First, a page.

Marshawn Lynch, Alex Smith and Reuben Foster. Besides having played football in the Bay Area, there is little to connect them. Their personalities are arranged across a vast spectrum. They come from different backgrounds and have claimed different levels of accomplishment. But they do have something in common right now: We don’t know if any of the three will play in the NFL again.
I hope they do. All of them. Really.
I want Marshawn Lynch to play again, because the league is less fun without him. He doesn’t speak to reporters much. Everybody knows that. It’s unfortunate, but it only feeds the Beast Mode mystique. Anyway, Lynch finds other ways to entertain. He shoots videos in which he pranks fast-food customers. He makes Skittles ads that, in the hands of anyone else, would be boring Skittles ads; with Lynch on screen, they’re comedic gold.
Even in his media silence, Lynch is a buoyant presence. He circulates in the Raiders locker room, advising teammates on how to fill out their 401(k) forms. He instructs and amuses the team’s younger running backs. And he’s been really good on the field. Before he injured his groin against the Seahawks in London on Oct. 14, he had been one of Oakland’s three best players in 2017-18, along with center Rodney Hudson and tight end Jared Cook.
Lynch’s un-retirement had been a ray of sunshine for the tumbling Raiders. The native son came home, basked in the love of the Black Hole, danced on the sideline and led the team in touchdowns. And no athlete does more for Oakland. Lynch, largely through his Fam1st Family Foundation, has done things like provide kids with backpacks, school supplies and haircuts as a back-to-school present, and host 25 children for a trip to London to watch the Raiders in action — to watch Lynch get hurt, as it happened.
Lynch will not play again this season. That was resolved when the Raiders designated tackle Donald Penn to return from the injured reserve, their second (and last) such transaction.
Will Beast Mode come back next year? He will be 33 years old, returning from a major injury. The main reason he came out of retirement in 2017 was for a chance to wear silver and black. Now it’s not even clear the Raiders will play in Oakland in 2019. Lynch doesn’t particularly need the money; he’s a successful entrepreneur. And who knows if mercurial coach Jon Gruden even wants him back?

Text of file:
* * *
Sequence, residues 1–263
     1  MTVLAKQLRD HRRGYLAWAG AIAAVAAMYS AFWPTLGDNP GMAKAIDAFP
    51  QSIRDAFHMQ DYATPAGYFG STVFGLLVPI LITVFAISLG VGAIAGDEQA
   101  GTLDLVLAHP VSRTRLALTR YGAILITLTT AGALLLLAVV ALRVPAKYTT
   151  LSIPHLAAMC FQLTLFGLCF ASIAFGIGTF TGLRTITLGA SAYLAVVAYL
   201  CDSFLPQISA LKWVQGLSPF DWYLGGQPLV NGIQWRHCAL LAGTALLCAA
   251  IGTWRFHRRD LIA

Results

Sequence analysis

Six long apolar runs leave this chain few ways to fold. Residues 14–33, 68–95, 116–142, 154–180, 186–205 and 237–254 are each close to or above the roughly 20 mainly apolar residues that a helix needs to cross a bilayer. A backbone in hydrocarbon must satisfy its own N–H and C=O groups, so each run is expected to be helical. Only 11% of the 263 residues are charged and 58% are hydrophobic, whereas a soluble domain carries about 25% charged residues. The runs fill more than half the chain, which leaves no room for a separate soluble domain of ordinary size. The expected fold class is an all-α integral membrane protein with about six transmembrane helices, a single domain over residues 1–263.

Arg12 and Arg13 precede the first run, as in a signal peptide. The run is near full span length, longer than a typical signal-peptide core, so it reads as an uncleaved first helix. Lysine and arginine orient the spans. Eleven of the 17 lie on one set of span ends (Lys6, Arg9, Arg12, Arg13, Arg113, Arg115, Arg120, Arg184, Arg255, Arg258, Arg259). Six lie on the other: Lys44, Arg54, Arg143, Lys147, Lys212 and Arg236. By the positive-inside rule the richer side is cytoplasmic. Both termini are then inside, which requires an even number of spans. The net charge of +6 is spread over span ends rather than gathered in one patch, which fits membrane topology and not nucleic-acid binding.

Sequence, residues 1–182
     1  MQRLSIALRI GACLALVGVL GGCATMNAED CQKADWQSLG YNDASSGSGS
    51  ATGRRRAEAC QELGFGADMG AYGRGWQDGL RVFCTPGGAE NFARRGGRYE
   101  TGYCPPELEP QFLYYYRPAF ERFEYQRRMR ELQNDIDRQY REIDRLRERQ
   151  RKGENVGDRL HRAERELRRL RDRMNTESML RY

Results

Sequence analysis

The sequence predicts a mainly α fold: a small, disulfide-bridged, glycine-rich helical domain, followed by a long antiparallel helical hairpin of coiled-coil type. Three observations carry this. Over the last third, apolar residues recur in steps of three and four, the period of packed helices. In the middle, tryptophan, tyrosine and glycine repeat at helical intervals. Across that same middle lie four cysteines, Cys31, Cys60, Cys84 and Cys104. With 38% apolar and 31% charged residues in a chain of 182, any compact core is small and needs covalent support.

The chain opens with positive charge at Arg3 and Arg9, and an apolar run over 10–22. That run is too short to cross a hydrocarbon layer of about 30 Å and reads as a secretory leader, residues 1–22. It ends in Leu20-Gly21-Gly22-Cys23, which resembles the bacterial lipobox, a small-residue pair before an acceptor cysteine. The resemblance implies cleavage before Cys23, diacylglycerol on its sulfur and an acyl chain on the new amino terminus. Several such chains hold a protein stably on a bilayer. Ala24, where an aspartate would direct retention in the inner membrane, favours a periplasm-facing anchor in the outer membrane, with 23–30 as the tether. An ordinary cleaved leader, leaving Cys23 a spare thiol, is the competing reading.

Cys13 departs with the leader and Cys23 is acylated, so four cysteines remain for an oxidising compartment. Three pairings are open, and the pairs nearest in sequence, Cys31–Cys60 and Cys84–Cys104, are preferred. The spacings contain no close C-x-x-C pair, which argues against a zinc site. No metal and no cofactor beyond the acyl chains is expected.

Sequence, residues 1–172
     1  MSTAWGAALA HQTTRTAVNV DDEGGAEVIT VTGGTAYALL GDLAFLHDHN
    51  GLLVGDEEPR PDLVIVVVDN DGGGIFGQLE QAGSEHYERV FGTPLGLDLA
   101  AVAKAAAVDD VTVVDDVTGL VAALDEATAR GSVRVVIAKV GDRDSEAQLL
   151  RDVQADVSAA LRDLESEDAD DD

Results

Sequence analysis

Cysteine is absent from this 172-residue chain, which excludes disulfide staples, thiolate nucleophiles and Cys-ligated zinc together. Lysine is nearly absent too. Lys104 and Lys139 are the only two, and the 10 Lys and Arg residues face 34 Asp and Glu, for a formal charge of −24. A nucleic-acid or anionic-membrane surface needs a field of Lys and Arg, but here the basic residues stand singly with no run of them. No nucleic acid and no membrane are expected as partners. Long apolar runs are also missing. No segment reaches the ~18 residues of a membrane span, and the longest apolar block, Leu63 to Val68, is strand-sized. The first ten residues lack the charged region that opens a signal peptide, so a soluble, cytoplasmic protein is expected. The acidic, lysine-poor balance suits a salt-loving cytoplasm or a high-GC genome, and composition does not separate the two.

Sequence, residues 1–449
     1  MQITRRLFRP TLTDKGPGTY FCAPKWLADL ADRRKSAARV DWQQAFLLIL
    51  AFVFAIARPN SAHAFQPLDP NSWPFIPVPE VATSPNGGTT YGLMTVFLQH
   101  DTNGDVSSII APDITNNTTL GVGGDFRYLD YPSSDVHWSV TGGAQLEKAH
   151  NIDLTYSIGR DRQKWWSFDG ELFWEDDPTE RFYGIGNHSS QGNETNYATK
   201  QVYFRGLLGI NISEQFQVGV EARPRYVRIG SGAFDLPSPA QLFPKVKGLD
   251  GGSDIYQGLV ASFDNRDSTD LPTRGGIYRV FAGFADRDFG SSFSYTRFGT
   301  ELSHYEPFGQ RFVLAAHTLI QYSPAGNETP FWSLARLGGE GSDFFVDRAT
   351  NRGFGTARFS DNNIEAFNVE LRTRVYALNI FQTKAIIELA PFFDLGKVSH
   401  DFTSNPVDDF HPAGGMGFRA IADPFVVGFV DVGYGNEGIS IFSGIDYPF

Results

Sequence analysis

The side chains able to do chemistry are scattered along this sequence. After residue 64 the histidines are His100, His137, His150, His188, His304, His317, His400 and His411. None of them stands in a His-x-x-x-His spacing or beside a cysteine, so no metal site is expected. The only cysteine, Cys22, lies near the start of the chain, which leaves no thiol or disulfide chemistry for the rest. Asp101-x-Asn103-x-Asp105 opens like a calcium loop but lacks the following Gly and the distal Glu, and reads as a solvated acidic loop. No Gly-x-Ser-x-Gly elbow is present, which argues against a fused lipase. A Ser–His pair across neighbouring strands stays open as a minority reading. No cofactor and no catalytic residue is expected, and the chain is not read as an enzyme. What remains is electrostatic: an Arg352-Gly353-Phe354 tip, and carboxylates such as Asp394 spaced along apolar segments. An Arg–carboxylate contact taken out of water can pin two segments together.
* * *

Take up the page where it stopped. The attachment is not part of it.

I’d love to see Marshawn barreling into defenders next fall, but I wouldn’t bet on it.
I want Alex Smith to play again, because I’m a little sentimental.
I mentioned Smith in a recent column and referred to him as one of the Bay Area’s most popular athletes of recent years. A professional acquaintance took me to task, arguing that Smith drove 49ers fans crazy. He may have, but I think even those jaded Niners fans can admire Smith in retrospect. He remains one of the humblest, smartest and most approachable football players I have encountered. He was a normal guy in a highly abnormal profession.
Smith’s career has, in many ways, been defined by bad luck. He was drafted by a 49ers organization that was destined to be crummy for years. He rode a carousel of different offensive coordinators. And when he finally got into a groove in 2012, playing the best football of his life, he suffered a concussion. His replacement was Colin Kaepernick, and the NFL wasn’t ready for Kaepernick’s athletic ability. Smith never got the job back.